Wednesday, 24 April 2013

Our Anzacs

Hi everyone, Rick here, greetings to you all.

Today, April 25, is Anzac Day in New Zealand and Australia and it is a public holiday in both countries. It is a day of remembrance that commemorates all Australian's and New Zealander's who served and gave their lives in all wars, conflicts and peace keeping operations as well as the contribution and suffering of all those who have served. I suppose it is comparable to Veterans Day in the US and Remembrance Day in Canada and the UK.

I would like to give a little background to the day and its signifigance to New Zealanders and Australians.

ANZAC stands for the Australian and New Zealand Army Corps whose soldiers were collectively known as Anzacs.  Anzac Day originated to honour the Anzacs who fought at Gallipoli in the Ottoman Empire during World War 1.

In 1915 the Anzacs were part of an allied expedition that set out to capture the Gallipoli Penisula in accordance with a plan by Winston Churchill to open the way to the Black Sea for the allied navies.  The objective was to capture Constantinople (now Istanbul), the capital of the Ottoman Empire (now Turkey) - who were supporting Germany.

The Anzacs encountered fierce resistance from the Ottoman Army and the campaign lasted 8 months. At the end of 1915 the allied forces were evacuated after both sides had suffered heavy casualties and hardships.  Casualties included 8,709 from Australia and and 2,721 from New Zealand.  The landing at Gallipoli had a profound affect on Australians and New Zealanders and April 25 became a day on which they remembered the sacrifice of those who died. The day was officially named Anzac Day in 1916.

In Turkey, the name Anzac Cove commemorates the place where the Anzacs landed and was officially recognised by the Turkish Government on Anzac Day 1985. Commemorations are held there every year.

With the advent of the second world war Anzac Day became a day on which to commemorate the lives of Australians and New Zealanders who lost their lives in that war also.  Today, we commemorate all those who gave their lives and all those who served in all military operations in which Australia and New Zealand have been involved in since.

In both countries dawn services are held on Anzac Day with symbolic links to the dawn landing at Gallipoli.

Today, Roz and I are thankful for those who have served and those who continue to serve in our military forces so that we may be safe and protected.

Today, we remember those who gave their lives in service.

Lest we forget


  1. Thank-you for the great history. And thank-you for all those who serve. Happy Anzac Day, Terps

  2. Thank you for the history lesson. Years ago, I watched a movie about Gallipoli (actually I think that was the name) could be wrong.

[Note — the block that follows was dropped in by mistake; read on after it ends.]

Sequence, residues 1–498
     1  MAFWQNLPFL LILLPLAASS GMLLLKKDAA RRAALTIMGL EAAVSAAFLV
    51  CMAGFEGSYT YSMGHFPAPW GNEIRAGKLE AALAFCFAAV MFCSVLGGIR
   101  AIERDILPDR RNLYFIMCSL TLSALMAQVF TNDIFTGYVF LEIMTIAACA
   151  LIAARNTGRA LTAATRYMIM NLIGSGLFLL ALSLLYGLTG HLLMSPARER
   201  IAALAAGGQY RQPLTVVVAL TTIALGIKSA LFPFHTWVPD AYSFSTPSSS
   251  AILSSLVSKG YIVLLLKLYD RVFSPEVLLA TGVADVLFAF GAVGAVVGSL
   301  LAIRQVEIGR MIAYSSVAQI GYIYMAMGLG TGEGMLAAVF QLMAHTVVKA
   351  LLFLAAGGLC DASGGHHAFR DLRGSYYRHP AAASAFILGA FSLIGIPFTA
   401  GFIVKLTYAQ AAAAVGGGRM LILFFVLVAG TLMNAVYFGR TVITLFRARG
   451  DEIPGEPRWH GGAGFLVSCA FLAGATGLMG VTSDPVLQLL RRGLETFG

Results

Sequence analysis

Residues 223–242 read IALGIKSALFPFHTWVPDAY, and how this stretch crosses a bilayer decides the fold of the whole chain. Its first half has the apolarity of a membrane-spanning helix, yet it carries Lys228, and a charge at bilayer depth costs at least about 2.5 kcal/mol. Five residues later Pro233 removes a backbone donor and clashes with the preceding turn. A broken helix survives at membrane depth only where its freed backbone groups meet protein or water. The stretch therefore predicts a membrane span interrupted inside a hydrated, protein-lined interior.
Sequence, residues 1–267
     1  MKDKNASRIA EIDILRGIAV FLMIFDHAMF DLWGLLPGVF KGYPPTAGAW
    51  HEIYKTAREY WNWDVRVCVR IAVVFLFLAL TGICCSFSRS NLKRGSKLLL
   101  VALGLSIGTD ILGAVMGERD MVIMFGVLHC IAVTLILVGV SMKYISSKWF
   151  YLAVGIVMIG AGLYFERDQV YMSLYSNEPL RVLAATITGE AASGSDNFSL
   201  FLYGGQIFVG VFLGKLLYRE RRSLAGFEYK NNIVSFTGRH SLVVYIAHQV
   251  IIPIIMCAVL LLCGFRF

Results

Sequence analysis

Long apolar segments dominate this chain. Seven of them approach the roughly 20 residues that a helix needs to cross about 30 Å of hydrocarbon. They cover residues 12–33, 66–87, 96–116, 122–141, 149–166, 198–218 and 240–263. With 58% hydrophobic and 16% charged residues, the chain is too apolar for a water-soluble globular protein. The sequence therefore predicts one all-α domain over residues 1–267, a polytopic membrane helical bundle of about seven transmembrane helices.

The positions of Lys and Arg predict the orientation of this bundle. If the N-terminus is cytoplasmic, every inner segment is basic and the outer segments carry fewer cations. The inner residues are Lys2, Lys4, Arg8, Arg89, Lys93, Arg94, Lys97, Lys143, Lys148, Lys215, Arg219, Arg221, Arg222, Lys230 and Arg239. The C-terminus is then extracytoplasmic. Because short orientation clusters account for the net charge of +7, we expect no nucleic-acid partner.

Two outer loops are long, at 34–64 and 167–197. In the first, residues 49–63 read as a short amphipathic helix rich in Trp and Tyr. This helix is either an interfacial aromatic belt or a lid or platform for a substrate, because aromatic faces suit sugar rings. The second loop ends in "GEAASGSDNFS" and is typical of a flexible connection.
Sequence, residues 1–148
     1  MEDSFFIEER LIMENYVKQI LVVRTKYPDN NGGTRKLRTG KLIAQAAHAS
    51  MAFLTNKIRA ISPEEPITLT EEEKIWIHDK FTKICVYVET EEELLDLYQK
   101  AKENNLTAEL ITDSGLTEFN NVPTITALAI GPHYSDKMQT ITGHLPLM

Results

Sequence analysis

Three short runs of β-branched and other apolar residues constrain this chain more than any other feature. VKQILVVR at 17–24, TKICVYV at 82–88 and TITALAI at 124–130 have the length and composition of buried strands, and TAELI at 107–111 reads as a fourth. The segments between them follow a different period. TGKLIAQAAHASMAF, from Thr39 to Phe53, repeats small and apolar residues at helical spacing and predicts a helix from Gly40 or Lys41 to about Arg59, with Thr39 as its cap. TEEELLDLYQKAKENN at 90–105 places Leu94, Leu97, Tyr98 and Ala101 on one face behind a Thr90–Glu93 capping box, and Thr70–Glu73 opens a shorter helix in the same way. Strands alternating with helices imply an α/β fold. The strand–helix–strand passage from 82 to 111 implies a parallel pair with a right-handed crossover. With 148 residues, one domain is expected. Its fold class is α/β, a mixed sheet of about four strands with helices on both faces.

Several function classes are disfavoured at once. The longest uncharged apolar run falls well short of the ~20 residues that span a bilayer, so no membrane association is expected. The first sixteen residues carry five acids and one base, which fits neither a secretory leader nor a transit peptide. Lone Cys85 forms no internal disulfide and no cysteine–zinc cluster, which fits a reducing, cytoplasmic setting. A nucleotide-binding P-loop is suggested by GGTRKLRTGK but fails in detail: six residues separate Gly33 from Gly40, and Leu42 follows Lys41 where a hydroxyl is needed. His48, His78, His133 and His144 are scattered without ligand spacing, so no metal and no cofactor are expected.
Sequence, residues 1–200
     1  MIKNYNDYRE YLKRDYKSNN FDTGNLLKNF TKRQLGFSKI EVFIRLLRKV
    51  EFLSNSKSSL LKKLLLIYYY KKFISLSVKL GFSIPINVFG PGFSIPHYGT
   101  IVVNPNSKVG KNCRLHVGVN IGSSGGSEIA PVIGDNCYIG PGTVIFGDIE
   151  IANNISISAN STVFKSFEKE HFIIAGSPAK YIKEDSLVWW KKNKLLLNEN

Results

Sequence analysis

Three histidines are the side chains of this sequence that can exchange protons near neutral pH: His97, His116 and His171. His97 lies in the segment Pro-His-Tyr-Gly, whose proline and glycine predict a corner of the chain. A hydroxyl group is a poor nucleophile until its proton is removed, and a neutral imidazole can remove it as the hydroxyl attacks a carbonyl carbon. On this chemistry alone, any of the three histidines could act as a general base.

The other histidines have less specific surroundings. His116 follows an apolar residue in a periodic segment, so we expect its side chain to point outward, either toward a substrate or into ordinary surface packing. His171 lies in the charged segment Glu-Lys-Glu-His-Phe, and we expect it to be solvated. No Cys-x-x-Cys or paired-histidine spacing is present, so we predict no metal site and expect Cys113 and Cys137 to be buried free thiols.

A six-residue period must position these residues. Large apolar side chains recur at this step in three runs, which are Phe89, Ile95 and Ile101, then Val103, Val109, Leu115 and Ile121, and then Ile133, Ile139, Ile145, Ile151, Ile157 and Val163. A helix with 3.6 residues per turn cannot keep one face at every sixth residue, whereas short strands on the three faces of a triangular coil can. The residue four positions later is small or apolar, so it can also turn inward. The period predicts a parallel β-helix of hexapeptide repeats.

Also, a big thanks for being our allies through thick and thin. I
    will say a prayers for those who have served and continue to serve.

  3. Thank you for reminding me why they were showing Gallipoli on the TV yesterday. Sad to say Anzac Day is often forgotten here in the UK as our remembrance day focuses on the Western Front. Excellent history lesson.

  4. My wife was on Skype with her kiwi friend chatting. After I read your post, I wished her a happy Anzac Day. It brought a big smile to her face and a stunned look from my wife who said, "where did you learn that?"

    "The Internet, of course."

    So, thank you Roz.

  5. DelFonte is right, Anzac Day isn't mentioned here.

    Rick, thank you for sharing this.

    "They shall grow not old, as we that are left grow old.
    Age shall not weary them, nor the years condemn.
    At the going down of the sun and in the morning
    We will remember them".

    Always brings tears to my eyes. We shall not forget them.


  6. Thanks for explaining this, very nice to read about other countries and their histories and traditions!

  7. Thanks Rick, this was really very interesting. History is a favorite subject in our home.

  8. I love visiting your blog, so very informative and interesting. Thank you for letting us share a part of your history :)

    Lots of love to both of you x

  9. Thanks Rick for sharing that is something I didn't know about and I loved history in school but never knew this.

  10. Thanks so much for sharing with us Rick. I will now have to check FB and see what my family member visiting New Zealand shared about their 1st Anzac Day!

  11. Thanks for that interesting piece of history, Rick. I knew about Gallipoli but not that Anzac Day was started from that and that it was commemorated by Turkey, too. Nor did I even know that today was Anzac Day!

  12. God bless the Anzacs. They have served their countries and the world bravely and honorably. Hopefully we will never forget them and their allies.

  13. Thank you for sharing. The Duke and I always feel we should honour those who fought for us. We have no idea today all that they truly did for us.

  14. What a beautiful tribute. It is so important to remember. Thanks for sharing and for the reminder.

  15. Thank you Rick.
    I live in the US and I miss the poppies that we always wore in Canada on Remembrance Day because that was always very meaningful to me. I need to bring some down so that I have them.